Swiss psychiatrist Carl Jung observed in the video below that "the only real danger that exists is man himself, he is the great danger....We are the origin of all coming evil."
Another and related perspective on the nature of evil is offered by the late American psychiatrist Morgan Scott Peck who wrote People of the Lie: The hope for healing human evil and in the 1983 video is interviewed about the book on PBS in the program The Open Mind. During the interview he states that "Evil is an anti-life force and if we start going out to kill it, exterminate it we then become contaminated by it because we become killers."Evil on Wikipedia there is a decent summary of M. Scott Peck's views on evil reproduced below:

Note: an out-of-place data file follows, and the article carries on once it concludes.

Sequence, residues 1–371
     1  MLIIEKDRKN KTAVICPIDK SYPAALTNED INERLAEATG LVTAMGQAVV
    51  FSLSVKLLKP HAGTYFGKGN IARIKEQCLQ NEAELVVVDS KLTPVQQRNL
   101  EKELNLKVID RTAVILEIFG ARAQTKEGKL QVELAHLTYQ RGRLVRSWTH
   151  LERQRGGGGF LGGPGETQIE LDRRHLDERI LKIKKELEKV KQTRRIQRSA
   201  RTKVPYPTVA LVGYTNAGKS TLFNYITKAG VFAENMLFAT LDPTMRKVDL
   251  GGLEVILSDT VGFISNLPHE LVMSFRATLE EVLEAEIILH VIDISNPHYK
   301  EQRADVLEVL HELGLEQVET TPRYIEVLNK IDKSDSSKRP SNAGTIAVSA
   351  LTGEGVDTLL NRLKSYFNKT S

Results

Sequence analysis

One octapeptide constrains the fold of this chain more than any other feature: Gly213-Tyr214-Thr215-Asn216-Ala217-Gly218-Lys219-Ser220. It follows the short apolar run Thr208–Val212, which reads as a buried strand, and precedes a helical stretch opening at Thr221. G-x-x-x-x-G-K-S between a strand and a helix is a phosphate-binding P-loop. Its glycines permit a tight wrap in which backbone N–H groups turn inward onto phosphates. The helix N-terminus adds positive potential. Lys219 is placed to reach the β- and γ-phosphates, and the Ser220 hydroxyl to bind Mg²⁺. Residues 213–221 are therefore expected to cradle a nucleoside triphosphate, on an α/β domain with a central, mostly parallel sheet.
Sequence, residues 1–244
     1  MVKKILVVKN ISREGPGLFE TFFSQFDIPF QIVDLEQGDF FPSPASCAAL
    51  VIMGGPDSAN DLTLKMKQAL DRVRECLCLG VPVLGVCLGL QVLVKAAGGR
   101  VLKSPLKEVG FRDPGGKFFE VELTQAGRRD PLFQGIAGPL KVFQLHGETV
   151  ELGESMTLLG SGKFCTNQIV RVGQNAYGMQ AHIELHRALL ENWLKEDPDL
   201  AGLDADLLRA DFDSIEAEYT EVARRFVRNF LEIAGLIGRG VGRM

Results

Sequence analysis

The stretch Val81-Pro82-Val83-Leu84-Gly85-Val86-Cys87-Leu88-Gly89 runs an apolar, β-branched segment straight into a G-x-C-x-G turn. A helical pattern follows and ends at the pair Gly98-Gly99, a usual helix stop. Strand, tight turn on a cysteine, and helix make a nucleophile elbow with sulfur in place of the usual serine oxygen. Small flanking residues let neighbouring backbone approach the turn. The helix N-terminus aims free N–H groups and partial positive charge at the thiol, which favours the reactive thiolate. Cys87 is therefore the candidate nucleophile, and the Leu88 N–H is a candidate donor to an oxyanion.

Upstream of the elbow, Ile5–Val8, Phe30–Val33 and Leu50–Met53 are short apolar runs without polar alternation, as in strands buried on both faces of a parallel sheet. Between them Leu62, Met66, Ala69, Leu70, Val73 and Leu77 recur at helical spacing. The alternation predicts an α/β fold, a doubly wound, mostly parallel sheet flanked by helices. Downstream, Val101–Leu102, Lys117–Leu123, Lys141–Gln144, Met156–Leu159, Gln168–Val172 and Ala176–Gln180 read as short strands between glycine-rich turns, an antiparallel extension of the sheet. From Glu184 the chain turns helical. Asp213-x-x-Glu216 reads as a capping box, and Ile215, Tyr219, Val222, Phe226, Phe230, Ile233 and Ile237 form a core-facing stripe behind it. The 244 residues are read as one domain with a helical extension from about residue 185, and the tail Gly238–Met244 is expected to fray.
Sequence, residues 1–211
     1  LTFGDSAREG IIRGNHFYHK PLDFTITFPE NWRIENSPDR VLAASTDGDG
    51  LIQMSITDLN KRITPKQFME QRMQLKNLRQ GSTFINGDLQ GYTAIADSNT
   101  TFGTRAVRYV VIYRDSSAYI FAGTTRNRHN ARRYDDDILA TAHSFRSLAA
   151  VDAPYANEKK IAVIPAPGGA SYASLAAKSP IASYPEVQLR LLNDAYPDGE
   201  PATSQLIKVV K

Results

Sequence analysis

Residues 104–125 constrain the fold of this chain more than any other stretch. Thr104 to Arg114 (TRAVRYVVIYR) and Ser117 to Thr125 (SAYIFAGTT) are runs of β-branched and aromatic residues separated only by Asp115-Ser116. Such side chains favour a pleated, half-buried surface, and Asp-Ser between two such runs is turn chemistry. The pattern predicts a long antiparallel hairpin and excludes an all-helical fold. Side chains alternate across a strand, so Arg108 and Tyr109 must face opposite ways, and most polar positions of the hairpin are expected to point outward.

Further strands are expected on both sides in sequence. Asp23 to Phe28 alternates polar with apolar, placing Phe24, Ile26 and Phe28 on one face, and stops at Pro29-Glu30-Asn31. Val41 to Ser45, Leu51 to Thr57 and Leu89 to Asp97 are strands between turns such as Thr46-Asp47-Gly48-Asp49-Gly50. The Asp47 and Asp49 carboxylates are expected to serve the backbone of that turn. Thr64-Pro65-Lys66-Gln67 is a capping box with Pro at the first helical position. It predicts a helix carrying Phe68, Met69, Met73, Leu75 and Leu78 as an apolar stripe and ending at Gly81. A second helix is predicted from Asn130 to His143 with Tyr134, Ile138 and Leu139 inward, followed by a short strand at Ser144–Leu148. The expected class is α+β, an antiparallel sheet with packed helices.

Peck characterizes evil as a malignant type of self-righteousness which results in a projection of evil onto selected specific innocent victims (often children or other people in relatively powerless positions). Peck considers those he calls evil to be attempting to escape and hide from their own conscience (through self deception) and views this as being quite distinct from the apparent absence of conscience evident in sociopaths.
- Is consistently self-deceiving, with the intent of avoiding guilt and maintaining a self-image of perfection
- Deceives others as a consequence of their own self-deception
- Projects his or her evils and sins onto very specific targets, scapegoating others while appearing normal with everyone else ("their insensitivity toward him was selective")